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Asian Games: Chinese swimmers set new records | The Express Tribune

Asian Games: Chinese swimmers set new records  | The Express Tribune
  • PublishedSeptember 28, 2023

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Butterfly specialist China's Zhang Yufei won her fifth gold medal of the Asian Games on Thursday when she edged Hong Kong's Siobhan Haughey to win the 50m freestyle, while South Korea wrought vengeance on hosts China in front of a frenzied eSports crowd.

Zhang powered to the finish in a new Games record 24.26sec with 100 and 200m freestyle champion Haughey second in 24.34 and China's Cheng Yujie third in 24.60.

Similarly, the world record holder Qin Haiyang powered to the Asian Games 200m breaststroke title adding it to his 100m crown.

Qin hit the wall in a new Games record 2:07.03, well outside his 2:05.48 world mark set in July but enough to easily beat teammate Dong Zhihao (2:08.67) and Japan's Ippei Watanabe (2:09.91).

Hosts China have hoovered up the golds in Hangzhou in everything from beach volleyball and gymnastics to table tennis and wushu, sitting way clear at the top of the medals table.

They have extended that dominance to the pool, one of the most eagerly anticipated events of the Games and boasting Olympic and world champions.

There is added interest this time because the Paris Olympics are less than 10 months away.

Overall China is leading the Games with a whooping 88 gold medals while South Korea is second with 22 and Japan is sitting in the third place with 18 gold medals.

China have plundered 19 of the 27 golds so far in swimming, with Zhang and Qin Haiyang both firing warning shots to their Olympic rivals.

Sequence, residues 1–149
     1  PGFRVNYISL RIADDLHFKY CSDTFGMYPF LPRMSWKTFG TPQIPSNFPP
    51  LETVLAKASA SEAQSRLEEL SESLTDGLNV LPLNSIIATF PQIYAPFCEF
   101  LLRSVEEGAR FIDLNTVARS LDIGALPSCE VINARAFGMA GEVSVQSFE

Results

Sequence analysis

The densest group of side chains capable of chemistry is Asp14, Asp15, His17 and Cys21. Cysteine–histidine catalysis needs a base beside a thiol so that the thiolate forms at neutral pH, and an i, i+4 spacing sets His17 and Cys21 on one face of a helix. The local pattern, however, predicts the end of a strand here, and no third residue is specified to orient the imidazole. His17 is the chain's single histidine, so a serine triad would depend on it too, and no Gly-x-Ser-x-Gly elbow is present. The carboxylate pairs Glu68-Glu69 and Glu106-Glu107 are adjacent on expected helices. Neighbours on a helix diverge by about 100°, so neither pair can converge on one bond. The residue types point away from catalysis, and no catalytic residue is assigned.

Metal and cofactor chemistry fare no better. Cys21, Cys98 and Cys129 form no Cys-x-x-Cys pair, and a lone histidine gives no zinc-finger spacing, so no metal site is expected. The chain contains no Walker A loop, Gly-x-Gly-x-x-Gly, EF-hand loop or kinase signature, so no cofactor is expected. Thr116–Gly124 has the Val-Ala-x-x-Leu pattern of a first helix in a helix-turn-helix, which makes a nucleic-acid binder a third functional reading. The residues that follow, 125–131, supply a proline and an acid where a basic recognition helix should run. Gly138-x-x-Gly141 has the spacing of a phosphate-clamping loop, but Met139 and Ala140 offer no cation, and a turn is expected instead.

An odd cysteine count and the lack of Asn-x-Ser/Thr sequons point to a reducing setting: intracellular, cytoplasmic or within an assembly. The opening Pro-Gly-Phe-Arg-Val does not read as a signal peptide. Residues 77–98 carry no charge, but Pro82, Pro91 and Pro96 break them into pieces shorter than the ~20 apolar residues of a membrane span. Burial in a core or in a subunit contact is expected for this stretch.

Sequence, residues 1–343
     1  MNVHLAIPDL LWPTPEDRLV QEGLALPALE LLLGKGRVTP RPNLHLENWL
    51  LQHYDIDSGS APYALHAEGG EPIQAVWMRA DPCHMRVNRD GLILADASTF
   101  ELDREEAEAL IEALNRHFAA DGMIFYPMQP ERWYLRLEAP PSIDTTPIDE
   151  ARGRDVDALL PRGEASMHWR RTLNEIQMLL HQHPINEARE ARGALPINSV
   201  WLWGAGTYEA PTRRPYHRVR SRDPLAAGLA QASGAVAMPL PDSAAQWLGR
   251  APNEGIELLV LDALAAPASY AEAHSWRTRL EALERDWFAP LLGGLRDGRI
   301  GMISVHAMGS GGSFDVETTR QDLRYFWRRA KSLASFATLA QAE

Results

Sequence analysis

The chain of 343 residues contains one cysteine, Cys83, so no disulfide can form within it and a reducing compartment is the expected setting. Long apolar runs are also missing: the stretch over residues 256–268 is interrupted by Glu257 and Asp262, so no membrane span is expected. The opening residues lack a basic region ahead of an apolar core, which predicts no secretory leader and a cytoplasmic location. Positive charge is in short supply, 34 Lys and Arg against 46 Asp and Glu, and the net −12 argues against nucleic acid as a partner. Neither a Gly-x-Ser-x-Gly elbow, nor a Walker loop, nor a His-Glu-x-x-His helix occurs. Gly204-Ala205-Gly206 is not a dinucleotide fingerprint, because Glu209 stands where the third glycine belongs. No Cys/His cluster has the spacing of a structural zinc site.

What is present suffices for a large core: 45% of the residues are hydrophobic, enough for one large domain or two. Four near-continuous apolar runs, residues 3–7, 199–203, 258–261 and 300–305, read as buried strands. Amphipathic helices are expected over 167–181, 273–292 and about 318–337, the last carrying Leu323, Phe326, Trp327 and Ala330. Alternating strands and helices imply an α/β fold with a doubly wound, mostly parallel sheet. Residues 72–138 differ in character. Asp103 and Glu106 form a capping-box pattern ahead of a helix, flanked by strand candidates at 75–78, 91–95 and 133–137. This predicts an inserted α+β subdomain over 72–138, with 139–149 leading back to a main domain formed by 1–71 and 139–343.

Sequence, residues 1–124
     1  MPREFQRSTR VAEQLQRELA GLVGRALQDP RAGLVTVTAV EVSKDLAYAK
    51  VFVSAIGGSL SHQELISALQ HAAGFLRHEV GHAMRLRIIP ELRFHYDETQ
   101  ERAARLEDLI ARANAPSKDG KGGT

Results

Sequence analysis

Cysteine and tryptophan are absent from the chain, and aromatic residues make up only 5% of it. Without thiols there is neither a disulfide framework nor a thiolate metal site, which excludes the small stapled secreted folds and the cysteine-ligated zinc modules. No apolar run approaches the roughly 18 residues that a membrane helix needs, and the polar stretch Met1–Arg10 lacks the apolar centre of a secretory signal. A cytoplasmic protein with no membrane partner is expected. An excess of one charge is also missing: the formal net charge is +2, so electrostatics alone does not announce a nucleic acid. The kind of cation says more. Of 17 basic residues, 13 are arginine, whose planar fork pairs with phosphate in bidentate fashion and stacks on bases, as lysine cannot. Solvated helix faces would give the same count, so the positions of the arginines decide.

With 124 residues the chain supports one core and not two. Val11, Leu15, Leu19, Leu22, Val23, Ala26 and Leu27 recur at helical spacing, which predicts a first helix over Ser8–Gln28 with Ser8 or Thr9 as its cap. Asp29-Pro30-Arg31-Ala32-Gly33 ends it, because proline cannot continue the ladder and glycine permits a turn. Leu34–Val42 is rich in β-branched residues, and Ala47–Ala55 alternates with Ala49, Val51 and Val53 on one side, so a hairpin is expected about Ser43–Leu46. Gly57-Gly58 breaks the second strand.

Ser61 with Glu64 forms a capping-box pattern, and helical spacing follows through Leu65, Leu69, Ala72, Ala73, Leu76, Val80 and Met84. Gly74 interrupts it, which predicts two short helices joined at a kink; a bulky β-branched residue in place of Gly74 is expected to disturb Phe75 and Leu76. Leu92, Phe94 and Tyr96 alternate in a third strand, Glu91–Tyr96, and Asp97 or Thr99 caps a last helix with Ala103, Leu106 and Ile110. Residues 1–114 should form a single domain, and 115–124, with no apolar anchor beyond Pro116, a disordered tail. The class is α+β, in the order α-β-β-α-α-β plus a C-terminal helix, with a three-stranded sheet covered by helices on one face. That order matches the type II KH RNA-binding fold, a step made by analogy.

The 25-year-old Zhang is chasing a third individual gold medal in Hangzhou after setting scorching times in winning the 100 and 200m butterfly. She also has two relay golds to add to her collection.

She qualified fastest for the 50m freestyle final later Thursday and will go head-to-head with Hong Kong's Haughey, who has already won the 100 and 200m free.

Gold medals were up for grabs on Thursday in 12 sports, among them artistic gymnastics, track cycling and shooting.

In eSports — which is making its debut at the Games as a medal event — South Korea's Kim Gwan-woo will contest the final of Street Fighter V: Champion Edition.

South Korean athletes at the Games, including eSports players, can controversially earn an exemption from military service if they come home with gold.

Also in eSports, in a rerun of the final five years ago — when it was only a demonstration sport — South Korea defeated China in the semi-finals of League of Legends.

It was revenge for South Korea and their legendary player Lee "Faker" Sang-hyeok, having lost to China in 2018.

"From the beginning my goal as a coach was to win the title with the team," said South Korea coach Kim Jeong-gyun.

"We have trained more than anyone this month and I believe we can win."

The eSports events have proven to be wildly popular with fans, with tickets in strong demand and the overwhelmingly young spectators giving hearty support from the stands.

Fans unable to get into the futuristic-looking 4,500-capacity Hangzhou Esports Center thronged outside in the hope of catching a glimpse of one of their heroes, especially Faker.

On the first day of golf, Japanese amateur Saki Baba shot a seven-under 65 to take a surprise lead in the women's event.

But it couldn't spoil Yin Ruoning's 21st birthday.

The world number two Yin was two shots back in a five-way tie for second after a flawless 67 in front of her home crowd.

"It's not bad to have a bogey-free round for my 21st," smiled Yin, known affectionately as "Ronnie" on the LPGA Tour, after she flew out of the blocks with five birdies in her first eight holes

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